Voting and free food at ASG spring barbecue

Students eating free food at the barbecue.
Students eating free food at the barbecue. Alyssa Brown / The Watchdog

The annual Spring Barbecue hosted by the BC Associated Student Government occurred this Wednesday, April 19. The western-themed event featured free food, music, games and a car show. ASG states on its Facebook page that the Spring Barbecue achieved zero waste status, composting or recycling the trash that it generated. Approximately 3,000 students attend each year, according to the BC website.

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The event is meant to encourage awareness of ASG and voting in the election, and serves to generate “more attention for ASG,” said Valeriia Borodina, assistant to ASG and the former ASG Campus Life and Events representative. ASG aims to create more student involvement and interest in BC and advocates to improve students’ college experiences. “Today is the kickoff for the new election,” Borodina said. Every year students who want to implement changes at BC and represent the students run for ASG office. Elected representatives help create new policies at BC as well as attend various campus committees to promote their agendas. ASG representatives work with the official college governance to implement changes. The three ASG Board of Directors are elected positions. As the ASG website states, “It is [ASG’s] job to listen to your ideas, dreams, and concerns, and represent you to the official college governance.”

During the Spring Barbeque, students were encouraged to vote for next year’s ASG positions. Students can vote on Canvas until April 29 and election results will be released on May 10. BC student volunteer Tori Davis said, “this event creates publicity for ASG” so more students will become involved and vote in the current election.

BC students automatically become part of ASG when they first register for classes. ASG has substantial resources to implement the programs it determines are the most relevant for BC students. According to Canvas, “ASG is responsible for student-based accounts totaling more than $120,000.”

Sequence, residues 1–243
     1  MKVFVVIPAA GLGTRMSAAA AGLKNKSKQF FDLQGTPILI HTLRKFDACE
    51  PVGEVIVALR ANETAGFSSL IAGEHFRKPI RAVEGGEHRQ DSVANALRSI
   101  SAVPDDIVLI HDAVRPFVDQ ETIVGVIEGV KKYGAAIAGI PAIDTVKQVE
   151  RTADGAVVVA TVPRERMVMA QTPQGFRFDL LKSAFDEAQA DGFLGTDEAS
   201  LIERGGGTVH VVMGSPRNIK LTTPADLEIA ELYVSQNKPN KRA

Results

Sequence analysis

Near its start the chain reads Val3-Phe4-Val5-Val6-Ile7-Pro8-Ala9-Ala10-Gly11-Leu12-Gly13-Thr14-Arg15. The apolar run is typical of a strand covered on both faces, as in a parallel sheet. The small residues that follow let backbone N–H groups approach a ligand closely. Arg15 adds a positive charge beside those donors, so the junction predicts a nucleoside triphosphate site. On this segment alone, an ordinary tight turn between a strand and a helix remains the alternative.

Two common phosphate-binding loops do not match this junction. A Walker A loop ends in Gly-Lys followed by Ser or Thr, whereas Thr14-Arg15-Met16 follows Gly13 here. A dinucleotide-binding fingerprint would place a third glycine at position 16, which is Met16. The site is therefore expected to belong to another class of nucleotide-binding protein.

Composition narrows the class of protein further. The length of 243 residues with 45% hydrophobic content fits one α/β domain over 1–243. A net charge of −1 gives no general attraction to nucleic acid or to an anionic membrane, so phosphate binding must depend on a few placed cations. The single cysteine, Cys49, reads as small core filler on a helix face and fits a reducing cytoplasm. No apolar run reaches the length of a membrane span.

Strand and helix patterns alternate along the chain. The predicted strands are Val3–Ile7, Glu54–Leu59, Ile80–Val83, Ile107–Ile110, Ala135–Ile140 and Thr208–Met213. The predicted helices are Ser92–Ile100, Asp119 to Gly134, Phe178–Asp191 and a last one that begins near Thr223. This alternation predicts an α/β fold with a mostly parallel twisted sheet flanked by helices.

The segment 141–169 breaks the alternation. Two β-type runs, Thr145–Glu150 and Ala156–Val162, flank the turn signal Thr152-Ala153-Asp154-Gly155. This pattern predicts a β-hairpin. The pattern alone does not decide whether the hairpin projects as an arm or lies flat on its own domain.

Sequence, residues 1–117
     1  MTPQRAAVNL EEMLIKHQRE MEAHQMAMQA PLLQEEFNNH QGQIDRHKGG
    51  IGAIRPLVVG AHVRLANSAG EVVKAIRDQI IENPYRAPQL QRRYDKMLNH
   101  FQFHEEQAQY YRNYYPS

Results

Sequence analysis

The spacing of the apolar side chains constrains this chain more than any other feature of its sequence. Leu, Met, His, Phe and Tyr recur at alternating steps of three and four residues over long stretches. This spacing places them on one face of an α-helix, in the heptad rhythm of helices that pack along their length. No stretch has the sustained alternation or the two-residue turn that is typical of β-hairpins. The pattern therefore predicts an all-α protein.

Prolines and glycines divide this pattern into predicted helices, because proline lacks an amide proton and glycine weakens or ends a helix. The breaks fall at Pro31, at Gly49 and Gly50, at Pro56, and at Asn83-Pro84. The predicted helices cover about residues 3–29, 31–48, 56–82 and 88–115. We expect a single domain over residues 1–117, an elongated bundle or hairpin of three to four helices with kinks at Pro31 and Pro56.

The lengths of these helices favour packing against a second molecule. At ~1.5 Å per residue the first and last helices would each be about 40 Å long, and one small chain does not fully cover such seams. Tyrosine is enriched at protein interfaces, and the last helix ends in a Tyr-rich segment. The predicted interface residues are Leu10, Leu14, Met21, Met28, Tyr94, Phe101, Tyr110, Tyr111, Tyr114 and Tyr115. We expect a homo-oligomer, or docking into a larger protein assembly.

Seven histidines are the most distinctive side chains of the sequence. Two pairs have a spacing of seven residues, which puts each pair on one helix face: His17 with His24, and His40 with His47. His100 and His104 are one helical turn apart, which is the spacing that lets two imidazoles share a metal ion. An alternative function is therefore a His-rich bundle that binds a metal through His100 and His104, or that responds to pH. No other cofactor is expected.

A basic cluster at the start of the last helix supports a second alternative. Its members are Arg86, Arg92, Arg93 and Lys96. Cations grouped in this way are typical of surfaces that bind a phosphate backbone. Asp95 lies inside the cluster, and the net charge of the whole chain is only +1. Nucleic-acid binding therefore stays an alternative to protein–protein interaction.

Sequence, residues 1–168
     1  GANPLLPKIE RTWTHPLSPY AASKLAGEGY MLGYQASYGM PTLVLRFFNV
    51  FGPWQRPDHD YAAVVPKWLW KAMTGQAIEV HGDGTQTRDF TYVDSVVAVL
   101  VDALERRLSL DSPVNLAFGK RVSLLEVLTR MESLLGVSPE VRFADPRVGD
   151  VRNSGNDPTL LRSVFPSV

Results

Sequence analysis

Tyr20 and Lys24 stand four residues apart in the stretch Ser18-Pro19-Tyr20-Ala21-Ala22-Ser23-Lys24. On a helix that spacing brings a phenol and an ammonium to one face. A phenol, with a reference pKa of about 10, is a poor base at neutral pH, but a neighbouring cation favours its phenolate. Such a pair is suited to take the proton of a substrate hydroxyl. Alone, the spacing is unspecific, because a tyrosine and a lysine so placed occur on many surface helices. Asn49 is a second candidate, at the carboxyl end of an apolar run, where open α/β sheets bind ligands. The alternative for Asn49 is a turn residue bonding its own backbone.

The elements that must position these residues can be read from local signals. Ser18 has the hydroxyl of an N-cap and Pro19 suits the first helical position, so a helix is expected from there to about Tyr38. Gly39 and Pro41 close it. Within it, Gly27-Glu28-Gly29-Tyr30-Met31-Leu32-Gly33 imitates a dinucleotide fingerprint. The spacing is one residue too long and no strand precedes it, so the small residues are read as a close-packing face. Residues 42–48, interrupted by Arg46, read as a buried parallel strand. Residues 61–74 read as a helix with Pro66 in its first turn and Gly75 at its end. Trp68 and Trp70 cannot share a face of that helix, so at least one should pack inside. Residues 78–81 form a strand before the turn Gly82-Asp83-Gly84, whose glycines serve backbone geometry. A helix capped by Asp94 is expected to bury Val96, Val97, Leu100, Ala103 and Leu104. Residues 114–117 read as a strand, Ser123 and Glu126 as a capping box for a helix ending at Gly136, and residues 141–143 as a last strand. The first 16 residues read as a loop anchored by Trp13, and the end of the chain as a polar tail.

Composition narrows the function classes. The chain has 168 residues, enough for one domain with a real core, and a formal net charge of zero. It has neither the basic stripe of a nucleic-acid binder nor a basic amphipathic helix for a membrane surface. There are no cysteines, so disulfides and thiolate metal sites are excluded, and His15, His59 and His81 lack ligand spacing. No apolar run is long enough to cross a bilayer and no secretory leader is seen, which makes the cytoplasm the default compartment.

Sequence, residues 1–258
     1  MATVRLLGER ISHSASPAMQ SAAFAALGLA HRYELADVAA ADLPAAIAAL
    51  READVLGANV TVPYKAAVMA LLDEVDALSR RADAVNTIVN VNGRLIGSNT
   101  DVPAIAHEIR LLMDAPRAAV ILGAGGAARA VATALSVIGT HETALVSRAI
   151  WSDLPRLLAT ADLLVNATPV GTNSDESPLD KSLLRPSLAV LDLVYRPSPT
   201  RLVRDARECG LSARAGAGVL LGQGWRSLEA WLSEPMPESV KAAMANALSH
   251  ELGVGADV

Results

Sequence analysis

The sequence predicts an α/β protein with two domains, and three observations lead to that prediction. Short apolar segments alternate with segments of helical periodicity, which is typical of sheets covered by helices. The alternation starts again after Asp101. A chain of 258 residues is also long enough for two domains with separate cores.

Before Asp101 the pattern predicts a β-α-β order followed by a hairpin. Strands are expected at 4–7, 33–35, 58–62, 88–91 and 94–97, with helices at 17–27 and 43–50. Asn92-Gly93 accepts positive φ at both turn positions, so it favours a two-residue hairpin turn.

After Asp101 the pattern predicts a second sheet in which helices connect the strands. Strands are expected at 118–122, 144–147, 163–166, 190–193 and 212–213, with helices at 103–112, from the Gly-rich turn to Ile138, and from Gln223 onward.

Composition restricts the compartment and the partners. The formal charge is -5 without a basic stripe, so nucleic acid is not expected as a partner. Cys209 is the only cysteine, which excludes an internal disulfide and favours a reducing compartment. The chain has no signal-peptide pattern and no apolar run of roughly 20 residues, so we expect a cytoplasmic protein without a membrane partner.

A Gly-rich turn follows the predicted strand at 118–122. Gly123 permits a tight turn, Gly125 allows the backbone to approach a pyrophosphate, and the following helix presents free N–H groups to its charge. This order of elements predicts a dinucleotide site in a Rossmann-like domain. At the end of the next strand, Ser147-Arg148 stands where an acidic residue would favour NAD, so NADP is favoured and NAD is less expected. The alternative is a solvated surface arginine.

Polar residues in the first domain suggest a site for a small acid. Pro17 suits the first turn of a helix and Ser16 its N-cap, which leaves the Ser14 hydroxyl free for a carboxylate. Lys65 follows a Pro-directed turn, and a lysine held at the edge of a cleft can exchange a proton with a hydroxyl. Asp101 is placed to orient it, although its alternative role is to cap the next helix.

In this election, Michael Cha is running for ASG president for the upcoming school year. He is unopposed and has “been in ASG since early May.” Cha hopes to change BC by gaining “more student involvement on campus and more events.” He is running because he wants to “advocate for students more” and hopes to better BC after he becomes elected. Cha’s bio on the voting page goes on to explain “I feel I have what it takes to properly represent the students, while working with them at the same time. Students need a president willing to serve as their voice, to motivate them, and work tirelessly for them. While in office, I hope to inspire students to challenge themselves, their communities, and the world. Students have so much power to change so much, and I want to help them realize their potential for greatness.”

The candidates for Vice President Finance and Communication are Amber Castaneda and Trygve Vandal. According to Castaneda’s bio, she’s “passionate about cultural acceptance and combating xenophobia, bigotry, intolerance, and prejudice.” She is also a leader in DECA and the Study Abroad club. Vandal said that he “will refuse [his] salary until the tradition of taxing all students just to pay for the elite few is abolished.” He also “worked to save students over 5 million dollars in these types of fees,” according to his bio.

The candidates for Vice President Student Affairs and Pluralism are Vanno Knog and Lucy Su. Kong is “an ARMY veteran stationed at Joint Base Lewis McChord for almost 4 years,” and has “experience leading and organizing a large diverse group of people for a common goal,” according to his bio. Su is “an ambitious leader who is caring, outgoing and most importantly, [she] is accepting.” Su also has “been in a variety of leadership positions such as [her] high school badminton team captain or art teacher at a local studio.”

To learn more about each of these candidates, students can read about them on Canvas before voting.